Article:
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JAMES CLARENCE MANGAN (1803-1849)

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Originally appearing in Volume V17, Page 569 of the 1911 Encyclopedia Britannica.
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JAMES CLARENCE MANGAN (1803-1849), Irish poet, was born in Dublin on the 1st of May 1803. His baptismal name was James, the " Clarence" being his own addition. His father, a grocer, who boasted of the terror with which he inspired his children, had ruined himself by imprudent speculation and extravagant hospitality. The burden of supporting the family fell on James, who entered a scrivener's office, at the age of fifteen, and drudged as a copying clerk for ten years. He was employed for some time in the library of Trinity College, and in 1833 he found a place in the Irish Ordnance Survey. He suffered a disappointment in love, and continued ill health drove him to the use of opium. He was habitually the victim of hallucinations which at times threatened his reason. For Charles Maturin, the eccentric author of Melmoth, he cherished a deep admiration, the results of which are evident in his prose stories. He belonged to the Comet Club, a group of youthful enthusiasts who carried on war in their paper, the Comet, against the levying of tithes on behalf of the Protestant clergy. Contributions to the Dublin Penny Journal followed; and to the Dublin University Magazine he sent translations from the German poets. The mystical tendency of German poetry had a special appeal for him. He chose poems that were attuned to his own melancholy temperament, and did much that was excellent in this field. He also wrote versions of old Irish poems, though his knowledge of the language, at any rate at the beginning of his career, was but slight. Some of his best-known Irish poems, however, O'Hussey's Ode to the Maguire, for instance, follow the originals very closely. Besides these were " translations " from Arabic, Turkish and Persian. How much of these languages he knew is uncertain, but he had read widely in Oriental subjects, and some of the poems are exquisite though the original authors whom he cites are frequently mythical. He took a mischievous pleasure in mystifying his readers, and in practising extraordinary metres. For the Nation he wrote from the beginning (1842) of its career, and much of his best work appeared in it. He afterwards contributed to the United Irishman. On the loth of June 1849 he died at Meath Hospital, Dublin, of cholera. It was alleged at the time that starvation was the real cause. This statement was untrue, but there is no doubt that his wretched poverty made him ill able to withstand disease. Mangan holds a high place among Irish poets, but his fame was deferred by the inequality and mass of his work, much of which lay buried in inaccessible newspaper files under his many pseudonyms, " Vacuus," " Terrae Filius," " Clarence," &c. Of his genius, morbid though it sometimes is, as in his tragic autobiographical ballad of The Nameless One, there can be no question. He expressed with rare sincerity the tragedy of Irish hopes and aspirations, and he furnished abundant proof of his versatility in his excellent nonsense verses, which are in strange contrast with the general trend of his work. An autobiography which appeared in the Irish Monthly (1882) does not reproduce the real facts of his career with any fidelity. For some time after his death there was no adequate edition of his works, but German Anthology (1845), and The Poets and Poetry of Munster (1849) had appeared during his lifetime. In 185o Hercules Ellis included thirty of his ballads in his Romances and Ballads of Ireland. Other selections appeared subsequently, notably one (1897), by Miss L. I. Guiney. The Poems of James Clarence Magan (1903),, and the Prose Writings (1904), were both edited by D. J. O'Donoghue, who wrote in 1897 a complete account of the Life and Writings of the poet.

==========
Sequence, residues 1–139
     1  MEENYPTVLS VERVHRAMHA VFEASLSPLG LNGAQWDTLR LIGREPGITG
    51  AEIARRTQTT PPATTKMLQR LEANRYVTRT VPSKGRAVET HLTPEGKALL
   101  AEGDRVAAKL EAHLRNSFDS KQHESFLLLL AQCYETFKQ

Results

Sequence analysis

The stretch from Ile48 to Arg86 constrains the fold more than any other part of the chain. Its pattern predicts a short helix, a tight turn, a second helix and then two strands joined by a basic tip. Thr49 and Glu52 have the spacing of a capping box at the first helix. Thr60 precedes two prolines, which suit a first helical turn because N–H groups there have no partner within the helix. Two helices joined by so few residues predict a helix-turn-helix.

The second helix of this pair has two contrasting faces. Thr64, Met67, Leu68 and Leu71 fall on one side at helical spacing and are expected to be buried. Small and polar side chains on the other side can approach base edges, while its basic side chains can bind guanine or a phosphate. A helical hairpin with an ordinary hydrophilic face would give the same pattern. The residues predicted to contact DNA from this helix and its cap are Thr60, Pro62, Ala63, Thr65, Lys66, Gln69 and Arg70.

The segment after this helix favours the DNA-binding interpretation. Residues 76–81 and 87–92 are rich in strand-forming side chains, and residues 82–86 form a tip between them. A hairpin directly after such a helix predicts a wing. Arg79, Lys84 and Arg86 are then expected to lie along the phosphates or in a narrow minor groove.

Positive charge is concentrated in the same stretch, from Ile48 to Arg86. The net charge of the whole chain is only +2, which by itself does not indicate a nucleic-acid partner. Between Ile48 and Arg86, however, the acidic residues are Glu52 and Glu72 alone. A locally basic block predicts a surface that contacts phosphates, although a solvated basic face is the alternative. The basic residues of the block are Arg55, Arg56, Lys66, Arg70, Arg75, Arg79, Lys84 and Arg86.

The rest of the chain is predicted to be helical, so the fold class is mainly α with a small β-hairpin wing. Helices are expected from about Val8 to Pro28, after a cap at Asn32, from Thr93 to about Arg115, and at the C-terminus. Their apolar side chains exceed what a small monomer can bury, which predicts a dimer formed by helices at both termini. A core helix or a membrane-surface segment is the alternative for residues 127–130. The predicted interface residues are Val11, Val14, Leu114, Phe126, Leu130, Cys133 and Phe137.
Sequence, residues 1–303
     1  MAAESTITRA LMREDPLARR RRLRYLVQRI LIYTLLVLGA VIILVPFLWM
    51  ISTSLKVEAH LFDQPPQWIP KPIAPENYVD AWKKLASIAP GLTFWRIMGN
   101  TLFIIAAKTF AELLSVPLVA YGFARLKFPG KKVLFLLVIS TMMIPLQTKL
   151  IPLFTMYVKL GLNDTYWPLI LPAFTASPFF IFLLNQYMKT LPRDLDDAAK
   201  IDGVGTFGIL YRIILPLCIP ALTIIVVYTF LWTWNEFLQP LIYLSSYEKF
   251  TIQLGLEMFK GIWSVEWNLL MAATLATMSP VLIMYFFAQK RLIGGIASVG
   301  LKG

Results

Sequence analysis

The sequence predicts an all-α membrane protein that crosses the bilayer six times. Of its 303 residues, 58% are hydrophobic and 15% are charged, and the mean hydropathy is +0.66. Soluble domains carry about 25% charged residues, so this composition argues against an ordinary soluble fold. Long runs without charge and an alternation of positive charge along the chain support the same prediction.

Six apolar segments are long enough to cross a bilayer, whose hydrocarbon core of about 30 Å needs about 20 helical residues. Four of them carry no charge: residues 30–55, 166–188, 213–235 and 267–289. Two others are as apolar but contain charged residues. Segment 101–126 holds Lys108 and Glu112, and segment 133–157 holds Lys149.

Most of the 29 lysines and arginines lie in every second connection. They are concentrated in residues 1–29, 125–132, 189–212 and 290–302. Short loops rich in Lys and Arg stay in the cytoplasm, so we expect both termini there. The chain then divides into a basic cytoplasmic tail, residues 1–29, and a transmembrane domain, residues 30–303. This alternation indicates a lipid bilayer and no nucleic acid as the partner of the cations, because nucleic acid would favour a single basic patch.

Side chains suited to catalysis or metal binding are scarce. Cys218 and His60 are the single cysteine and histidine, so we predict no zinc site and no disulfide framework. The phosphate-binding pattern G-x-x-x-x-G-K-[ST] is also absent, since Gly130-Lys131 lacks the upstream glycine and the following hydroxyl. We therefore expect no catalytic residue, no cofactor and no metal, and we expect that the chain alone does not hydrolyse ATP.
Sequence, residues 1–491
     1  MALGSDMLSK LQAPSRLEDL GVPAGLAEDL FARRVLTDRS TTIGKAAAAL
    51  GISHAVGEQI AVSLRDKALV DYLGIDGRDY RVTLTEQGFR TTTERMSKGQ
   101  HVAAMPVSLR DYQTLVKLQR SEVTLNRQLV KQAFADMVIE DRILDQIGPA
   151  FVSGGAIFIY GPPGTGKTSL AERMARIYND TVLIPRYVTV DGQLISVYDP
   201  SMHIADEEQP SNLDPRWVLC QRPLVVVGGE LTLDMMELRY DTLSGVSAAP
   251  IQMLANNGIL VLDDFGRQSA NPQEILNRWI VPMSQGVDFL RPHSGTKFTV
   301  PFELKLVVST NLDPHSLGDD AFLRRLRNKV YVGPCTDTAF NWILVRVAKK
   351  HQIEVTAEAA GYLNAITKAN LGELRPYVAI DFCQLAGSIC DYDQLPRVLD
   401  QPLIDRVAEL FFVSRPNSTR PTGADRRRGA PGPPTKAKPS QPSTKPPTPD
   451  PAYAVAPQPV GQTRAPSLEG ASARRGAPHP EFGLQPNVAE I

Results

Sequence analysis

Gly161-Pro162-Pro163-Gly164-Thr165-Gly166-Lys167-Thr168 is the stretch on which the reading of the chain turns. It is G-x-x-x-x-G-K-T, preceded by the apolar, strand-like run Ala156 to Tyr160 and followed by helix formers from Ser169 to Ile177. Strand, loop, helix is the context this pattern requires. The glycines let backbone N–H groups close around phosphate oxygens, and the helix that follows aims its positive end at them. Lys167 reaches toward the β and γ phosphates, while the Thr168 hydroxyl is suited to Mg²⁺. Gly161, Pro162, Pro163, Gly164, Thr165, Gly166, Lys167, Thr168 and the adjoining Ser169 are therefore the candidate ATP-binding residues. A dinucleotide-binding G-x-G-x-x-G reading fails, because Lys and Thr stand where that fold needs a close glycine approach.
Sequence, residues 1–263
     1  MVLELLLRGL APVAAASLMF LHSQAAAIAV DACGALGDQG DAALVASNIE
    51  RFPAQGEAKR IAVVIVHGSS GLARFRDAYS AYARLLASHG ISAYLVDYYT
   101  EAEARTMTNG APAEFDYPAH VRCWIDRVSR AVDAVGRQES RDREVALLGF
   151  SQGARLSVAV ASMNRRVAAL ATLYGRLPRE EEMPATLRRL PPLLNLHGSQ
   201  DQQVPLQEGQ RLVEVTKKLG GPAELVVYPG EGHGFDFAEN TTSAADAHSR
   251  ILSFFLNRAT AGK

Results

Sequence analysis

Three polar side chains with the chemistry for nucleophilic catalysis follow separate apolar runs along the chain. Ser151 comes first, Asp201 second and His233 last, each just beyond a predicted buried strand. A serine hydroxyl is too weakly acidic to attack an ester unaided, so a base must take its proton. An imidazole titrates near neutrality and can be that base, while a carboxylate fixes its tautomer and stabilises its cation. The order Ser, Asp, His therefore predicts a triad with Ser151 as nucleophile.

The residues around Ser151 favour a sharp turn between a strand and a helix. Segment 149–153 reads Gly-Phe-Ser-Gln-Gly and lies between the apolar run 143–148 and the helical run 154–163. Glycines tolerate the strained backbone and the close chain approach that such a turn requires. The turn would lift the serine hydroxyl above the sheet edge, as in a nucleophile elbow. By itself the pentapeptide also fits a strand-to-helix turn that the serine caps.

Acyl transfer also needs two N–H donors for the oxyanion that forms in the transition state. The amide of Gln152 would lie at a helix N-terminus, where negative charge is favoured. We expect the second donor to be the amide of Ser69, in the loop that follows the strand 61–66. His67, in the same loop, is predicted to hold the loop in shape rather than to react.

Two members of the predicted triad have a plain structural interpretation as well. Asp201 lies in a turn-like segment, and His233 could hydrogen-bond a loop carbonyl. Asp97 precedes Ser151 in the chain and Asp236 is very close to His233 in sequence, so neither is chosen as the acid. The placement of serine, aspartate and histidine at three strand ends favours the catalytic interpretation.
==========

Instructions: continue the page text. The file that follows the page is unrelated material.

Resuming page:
End of Article: JAMES CLARENCE MANGAN (1803-1849)
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